http://www.ccl-cca.ca/CCL/AboutCCL/KnowledgeCentres/AdultLearning/index.htm

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REQUEST FOR ARTICLES AND RESOURCES TO INFORM A LITERATURE REVIEW FOR NEEDS ASSESSMENT AND FEASIBILITY STUDY FOR COMMUNITY-BASED RESEARCH

About the Research:

There is a growing interest in the area of community based research (CBR) both in and beyond academia. While academics are required by their institutions and funders to submit their research proposals to a rigorous ethics review process, those outside of academia have no ethics review requirements except as required by certain funders. Furthermore, research in Canada is increasingly being conducted outside of academia. More and more of community based research is being conducted by independent researchers, private consulting firms, government departments and non governmental organizations. CBR covers a range of research typologies including, needs assessments, program evaluations, policy research, and other forms of applied research.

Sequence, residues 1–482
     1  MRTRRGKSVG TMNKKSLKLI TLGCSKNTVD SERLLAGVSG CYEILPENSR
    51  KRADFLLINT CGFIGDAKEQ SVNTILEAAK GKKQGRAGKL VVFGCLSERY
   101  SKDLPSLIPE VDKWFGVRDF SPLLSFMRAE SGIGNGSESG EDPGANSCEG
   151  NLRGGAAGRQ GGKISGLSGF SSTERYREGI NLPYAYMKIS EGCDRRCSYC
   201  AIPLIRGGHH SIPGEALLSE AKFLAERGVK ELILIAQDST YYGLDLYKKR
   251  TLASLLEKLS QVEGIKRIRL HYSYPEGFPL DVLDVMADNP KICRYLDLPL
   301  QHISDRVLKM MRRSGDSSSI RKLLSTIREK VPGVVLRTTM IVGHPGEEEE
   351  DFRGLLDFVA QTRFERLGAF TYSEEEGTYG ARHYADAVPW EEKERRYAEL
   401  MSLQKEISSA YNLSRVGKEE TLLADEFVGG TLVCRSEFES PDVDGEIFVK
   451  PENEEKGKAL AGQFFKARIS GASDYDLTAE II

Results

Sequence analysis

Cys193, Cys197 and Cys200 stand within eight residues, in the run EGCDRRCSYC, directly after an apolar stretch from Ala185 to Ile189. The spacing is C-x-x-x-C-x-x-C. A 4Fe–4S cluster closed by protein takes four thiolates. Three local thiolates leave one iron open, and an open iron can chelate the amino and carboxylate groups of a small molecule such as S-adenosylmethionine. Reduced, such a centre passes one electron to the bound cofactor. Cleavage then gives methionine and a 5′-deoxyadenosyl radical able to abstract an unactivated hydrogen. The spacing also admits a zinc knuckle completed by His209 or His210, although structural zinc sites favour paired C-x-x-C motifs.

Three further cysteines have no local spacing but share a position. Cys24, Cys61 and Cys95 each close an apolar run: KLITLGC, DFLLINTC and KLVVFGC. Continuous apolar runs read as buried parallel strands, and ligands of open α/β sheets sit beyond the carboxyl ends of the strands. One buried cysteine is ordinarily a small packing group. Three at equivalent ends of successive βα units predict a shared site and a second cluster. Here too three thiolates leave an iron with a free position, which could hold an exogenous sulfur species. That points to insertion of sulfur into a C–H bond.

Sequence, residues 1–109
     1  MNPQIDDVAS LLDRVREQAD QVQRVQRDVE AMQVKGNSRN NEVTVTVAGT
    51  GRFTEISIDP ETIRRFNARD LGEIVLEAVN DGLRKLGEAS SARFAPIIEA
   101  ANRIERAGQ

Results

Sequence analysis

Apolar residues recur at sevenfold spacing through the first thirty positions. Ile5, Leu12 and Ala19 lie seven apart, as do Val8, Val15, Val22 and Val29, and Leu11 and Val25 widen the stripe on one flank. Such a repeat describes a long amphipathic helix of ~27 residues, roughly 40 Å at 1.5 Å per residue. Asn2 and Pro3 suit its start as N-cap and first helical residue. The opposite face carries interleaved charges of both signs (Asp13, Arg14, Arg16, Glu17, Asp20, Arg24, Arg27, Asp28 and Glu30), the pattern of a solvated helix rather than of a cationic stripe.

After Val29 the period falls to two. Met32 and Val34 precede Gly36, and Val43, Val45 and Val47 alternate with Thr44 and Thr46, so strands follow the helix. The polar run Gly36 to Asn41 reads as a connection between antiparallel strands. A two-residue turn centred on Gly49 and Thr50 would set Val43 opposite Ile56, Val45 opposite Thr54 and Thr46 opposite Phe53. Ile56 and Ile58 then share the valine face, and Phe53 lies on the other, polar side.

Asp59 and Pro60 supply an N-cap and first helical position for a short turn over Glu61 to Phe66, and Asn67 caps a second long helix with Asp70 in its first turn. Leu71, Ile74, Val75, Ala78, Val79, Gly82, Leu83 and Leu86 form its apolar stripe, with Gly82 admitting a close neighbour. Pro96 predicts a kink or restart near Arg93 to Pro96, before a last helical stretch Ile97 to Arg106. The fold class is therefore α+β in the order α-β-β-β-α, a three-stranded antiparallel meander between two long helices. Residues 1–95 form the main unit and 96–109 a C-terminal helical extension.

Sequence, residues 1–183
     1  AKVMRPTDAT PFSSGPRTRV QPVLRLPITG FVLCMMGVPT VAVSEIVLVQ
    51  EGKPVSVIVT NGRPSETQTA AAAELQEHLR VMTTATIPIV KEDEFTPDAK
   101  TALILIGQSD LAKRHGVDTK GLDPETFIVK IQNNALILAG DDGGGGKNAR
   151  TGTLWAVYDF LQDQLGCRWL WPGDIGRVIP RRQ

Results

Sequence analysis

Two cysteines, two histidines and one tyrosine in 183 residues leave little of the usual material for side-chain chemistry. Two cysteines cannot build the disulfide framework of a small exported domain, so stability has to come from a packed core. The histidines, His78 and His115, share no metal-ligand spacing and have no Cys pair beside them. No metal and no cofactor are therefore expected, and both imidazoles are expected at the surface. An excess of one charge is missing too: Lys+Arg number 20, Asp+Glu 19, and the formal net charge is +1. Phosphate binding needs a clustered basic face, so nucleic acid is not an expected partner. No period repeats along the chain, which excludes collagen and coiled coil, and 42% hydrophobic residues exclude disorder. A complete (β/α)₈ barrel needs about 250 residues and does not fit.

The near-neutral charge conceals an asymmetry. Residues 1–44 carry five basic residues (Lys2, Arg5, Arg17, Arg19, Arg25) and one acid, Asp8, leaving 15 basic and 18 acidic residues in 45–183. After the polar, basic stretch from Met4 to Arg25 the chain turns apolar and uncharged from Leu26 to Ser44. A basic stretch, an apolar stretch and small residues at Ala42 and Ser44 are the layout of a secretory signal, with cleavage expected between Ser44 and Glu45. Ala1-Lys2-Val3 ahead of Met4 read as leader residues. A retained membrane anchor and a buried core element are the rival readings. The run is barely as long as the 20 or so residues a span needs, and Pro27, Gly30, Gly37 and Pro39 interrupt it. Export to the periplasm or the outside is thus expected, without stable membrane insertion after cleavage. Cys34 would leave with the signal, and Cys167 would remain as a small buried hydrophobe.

Purpose of Research:

The Wellesley Institute and the Centre for Community-Based Research in Waterloo are collaborating to explore and clarify the need for a community based research ethics process in Waterloo Region, Toronto and beyond, by identifying and understanding issues and concerns from multiple stakeholder perspectives (peer researchers, community agencies (NGO’s), academics, community institutions, government and funders) and then to determine an appropriate and feasible response that will facilitate ethically sound community based research.

About the Request:

As part of the needs assessment and feasibility study we are conducting a literature review looking for published and unpublished articles and resources that address and explore the issues of ethics, research ethics board and community based research.

If you have an article or resource that we should be aware of as part of this literature review for please email Tekla Hendrickson at tekla@sympatico.ca

Please email your articles and resources by June 26th at the latest.

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WORKSHOP: IDENTIFYING AND ELIMINATING SOCIAL INEQUITIES IN POLICIES, PROGRAMMES, SERVICE DELIVERY AND RESEARCH, TORONTO

Directed by Mary Anne Burke and Margrit Eichler

Weekend Workshop: Friday, June 19 (evening) to Sunday, June 21
Tuition and Course Materials Fee: $350 CAD

Weekend Workshop followed by Intensive One Week Institute: Friday, June 19-25
Tuition and Course Materials Fee: $800 CAD (includes weekend)

The One Week Institute offers one-on-one consultation with Burke and Eichler and group discussion and development of proposals to evaluation of existing projects.